I've known Joel Pett for several years, and not just as a reader of the newspaper. He and I have had a few conversations, mostly by chance meeting, so I'd say we're friendly acquaintances, if not friends. What Pett isn't acquainted with is the time I suffered for his art.
After Pett was announced as winner of the Pulitzer Prize for editorial cartooning back in 2000, the paper printed a two-page spread of some of his cartoons from that year.
Because my dad had worked at the paper, and because I had occasionally written items for the paper, I felt a pride in the Pulitzer that exceeded any civic pride that a resident of our city would perhaps experience.
The next day, I took the pages of cartoons to my classroom at Paul Laurence Dunbar High School, stapled them to the bulletin board and told my classes about the award's significance, urging them to check out the cartoons on their own. I probably spent 10 minutes of class time on this, and didn't think I'd give it another thought.
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A few days later, I got a letter from a parent, expressing disappointment that I'd mentioned Pett's cartoons to students, and explaining her confusion and anger that he had received an award for his work, which included, she pointed out, work that criticized the church she and her daughter, my student, attended.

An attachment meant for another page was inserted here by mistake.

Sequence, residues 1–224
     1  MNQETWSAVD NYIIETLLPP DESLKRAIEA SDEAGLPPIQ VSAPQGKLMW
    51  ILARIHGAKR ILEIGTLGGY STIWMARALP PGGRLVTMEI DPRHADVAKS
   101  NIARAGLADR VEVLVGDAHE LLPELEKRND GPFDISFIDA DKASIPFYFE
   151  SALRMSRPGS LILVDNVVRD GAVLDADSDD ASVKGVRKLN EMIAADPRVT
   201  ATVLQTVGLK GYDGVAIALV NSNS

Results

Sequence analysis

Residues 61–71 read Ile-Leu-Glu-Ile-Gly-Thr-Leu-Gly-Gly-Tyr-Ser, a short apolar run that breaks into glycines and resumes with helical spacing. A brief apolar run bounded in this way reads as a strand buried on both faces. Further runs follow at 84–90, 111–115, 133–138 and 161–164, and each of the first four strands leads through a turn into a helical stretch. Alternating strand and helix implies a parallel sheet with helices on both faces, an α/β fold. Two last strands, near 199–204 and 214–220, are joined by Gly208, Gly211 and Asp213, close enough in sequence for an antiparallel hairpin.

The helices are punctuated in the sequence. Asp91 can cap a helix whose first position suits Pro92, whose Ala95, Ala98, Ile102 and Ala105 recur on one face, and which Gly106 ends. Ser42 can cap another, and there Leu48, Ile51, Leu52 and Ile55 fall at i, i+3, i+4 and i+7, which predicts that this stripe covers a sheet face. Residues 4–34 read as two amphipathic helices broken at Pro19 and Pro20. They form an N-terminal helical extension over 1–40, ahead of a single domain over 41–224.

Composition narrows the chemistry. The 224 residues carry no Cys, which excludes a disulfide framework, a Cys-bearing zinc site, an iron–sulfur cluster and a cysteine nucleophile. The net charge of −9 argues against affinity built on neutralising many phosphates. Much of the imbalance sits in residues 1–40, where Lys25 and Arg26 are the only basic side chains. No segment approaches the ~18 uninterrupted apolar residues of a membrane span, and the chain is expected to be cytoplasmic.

The woman just could not understand why a person who did such things could be rewarded, or why I would mention it to my classes.
I wrote her a suitably diplomatic note in response, and heard no more about it, although I did share her letter, and concomitant chuckles, with some colleagues.
Pett would've loved to have seen this letter, I'm certain. His work has been a lightning rod for writers of letters to the editor for 30 years, and it's got to be gratifying to him that his cartoons elicit such response.
As Oscar Wilde once said, "the only thing worse than being talked about is not being talked about."
For my part, I reacted to my letter writer by making a point to include Pett cartoons in my classroom activities from time to time.
One favorite was his cartoon from shortly after 9/11/01, which showed the Statue of Liberty standing defiantly.
Another was his Martin Luther King Day cartoon in January 2011, just days after the shooting of congresswoman Gabrielle Giffords, which depicted the little girl killed in the shooting entering heaven.
Both cartoons were subjects of angry letters about what their writers saw as Pett's misuse of material and subsequent letters in his defense. These became good fodder for classroom discussion about art and interpretation. Students were pretty quick to pick up on how some folks misunderstand the cartoons, but opinions were by no means unanimous.
I've always thought that Pett and his editorial cartooning colleagues are poets of a sort.
The English Romantic poet Percy Shelley wrote that "poetry makes familiar objects be as if not familiar." Editorial cartoons, in a back-to-front way, are a visual poetry that makes the unfamiliar be as if familiar.
Pett takes issues and ideas that are new and puts them together with images that we are used to seeing in another context, in order to help us, or force us, to think about new things.
That's a noble pursuit, worth taking some heat over (for me) and worth celebrating (for our community), as Pett hits the 30-year mark at the Herald-Leader. May he hit many more marks, and targets, before his career is over.
Jim Hanna, a retired high school teacher, now teaches at Bluegrass Community and Technical College.